10 g of NaCl is dissolved in 250 g of water. The mass fraction and molality of the solution is

For calculating mass fraction, simply divided $10/250$ to get $0.04$. My book says it’s wrong. Is mine the right answer?

Another one,

To calculate molality, no. moles of $\ce{NaCl}$ is $10/58.5$

So $$\begin{align} m&=\frac{10}{58.5\times250}\\[3pt] &=0.684\end{align}$$

Again, my book says it’s wrong, and I am starting to trust is even less, but I still need to get it checked. Am I right, or is the book the winner here?

  • 5
    $\begingroup$ No, your first answer isn't correct as 250 g isn't the total mass of the solution, and the second one is wrong because you for some reason dropped all units whereas the author of the textbook probably didn't. $\endgroup$ – andselisk Sep 1 '19 at 19:13

Generally, it is preferable to write down the complete quantity equation before plugging in the numbers. If necessary, perform all mathematic operations on quantities symbolically. Do not plug in the numbers until you have only one equation for the desired result.

Always write the values with the correct units and carry the units through the calculation. Do not omit the units while performing intermediate steps and do not just reintroduce units at the end of the calculation.

When a number is given without any further information, it is generally interpreted so that the last digit is rounded with a rounding range equal to 1 in the last digit. Make sure that your result is given with the correct number of significant digits, accordingly. However, it may be necessary to retain additional digits for intermediate results in order to avoid round-off errors in subsequent calculations.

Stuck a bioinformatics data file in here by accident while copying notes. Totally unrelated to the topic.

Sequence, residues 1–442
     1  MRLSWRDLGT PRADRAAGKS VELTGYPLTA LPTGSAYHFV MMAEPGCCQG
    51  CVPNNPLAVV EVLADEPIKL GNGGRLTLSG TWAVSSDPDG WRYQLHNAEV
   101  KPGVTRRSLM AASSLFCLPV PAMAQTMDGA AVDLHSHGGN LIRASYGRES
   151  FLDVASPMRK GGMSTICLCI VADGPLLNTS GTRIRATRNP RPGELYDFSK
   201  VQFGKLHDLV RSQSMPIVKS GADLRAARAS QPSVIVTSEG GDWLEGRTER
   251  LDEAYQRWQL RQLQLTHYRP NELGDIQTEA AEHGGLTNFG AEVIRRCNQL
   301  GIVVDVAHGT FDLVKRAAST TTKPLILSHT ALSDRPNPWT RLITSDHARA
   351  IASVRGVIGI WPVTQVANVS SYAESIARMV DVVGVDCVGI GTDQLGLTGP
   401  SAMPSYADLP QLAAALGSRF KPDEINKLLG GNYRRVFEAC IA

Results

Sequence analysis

Mass fraction is defined as $$w_\mathrm B=\frac{m_\mathrm B}m$$ where
$w_\mathrm B$ is the mass fraction of substance B,
$m_\mathrm B$ is the mass of substance B, and
$m$ is the total mass of the mixture.

And you know that, in this case, the total mass of the mixture is given as $$m=m_\mathrm A+m_\mathrm B$$ where $m$ is the total mass of the mixture,
$m_\mathrm A$ is the mass of the solvent A, and
$m_\mathrm B$ is the mass of substance B.

Thus, $$\begin{align} w_\mathrm B&=\frac{m_\mathrm B}m\\[3pt] &=\frac{m_\mathrm B}{m_\mathrm A+m_\mathrm B}\\[3pt] &=\frac{10\ \mathrm g}{250\ \mathrm g+10\ \mathrm g}\\[3pt] &=0.038 \end{align}$$

Molality is defined as $$b_\mathrm B=\frac{n_\mathrm B}{m_\mathrm A}$$ where
$b_\mathrm B$ is the molality of solute B,
$n_\mathrm B$ is the amount of substance of solute B, and
$m_\mathrm A$ is the mass of the solvent A.

You also know that molar mass is defined as $$M=\frac mn$$ where
$M$ is molar mass,
$m$ is mass, and
$n$ is amount of substance.

And you know that, for $\ce{NaCl}$, $M=58.44277\ \mathrm{g\ mol^{-1}}$.

Thus, $$\begin{align} b_\mathrm B&=\frac{n_\mathrm B}{m_\mathrm A}\\[3pt] &=\frac{m_\mathrm B}{M_\mathrm B\cdot m_\mathrm A}\\[3pt] &=\frac{10\ \mathrm g}{58.44277\ \mathrm{g\ mol^{-1}}\times 250\ \mathrm g}\\[3pt] &=0.00068\ \mathrm{mol\ g^{-1}}\\[3pt] &=0.68\ \mathrm{mol\ kg^{-1}} \end{align}$$

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  • 2
    $\begingroup$ That's probably a weird question, but why does the multiplication sign in the last equation for $b_\ce{B}$ undergo a change from a centered dot $(\cdot)$ to a times sign $(\times)?$ $\endgroup$ – andselisk Sep 1 '19 at 19:44
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    $\begingroup$ @andselisk According to ISO: "If the point is used as the decimal sign, the cross and not the half-high dot should be used as the multiplication sign between numbers expressed with digits." $\endgroup$ – Faded Giant Sep 1 '19 at 19:49
  • $\begingroup$ Reading this the next day, I am wondering how I even made that mistake. I was really tired and wasn’t thinking straight, and perhaps out of frustration I asked if over here. $\endgroup$ – Aditya Sep 2 '19 at 5:07

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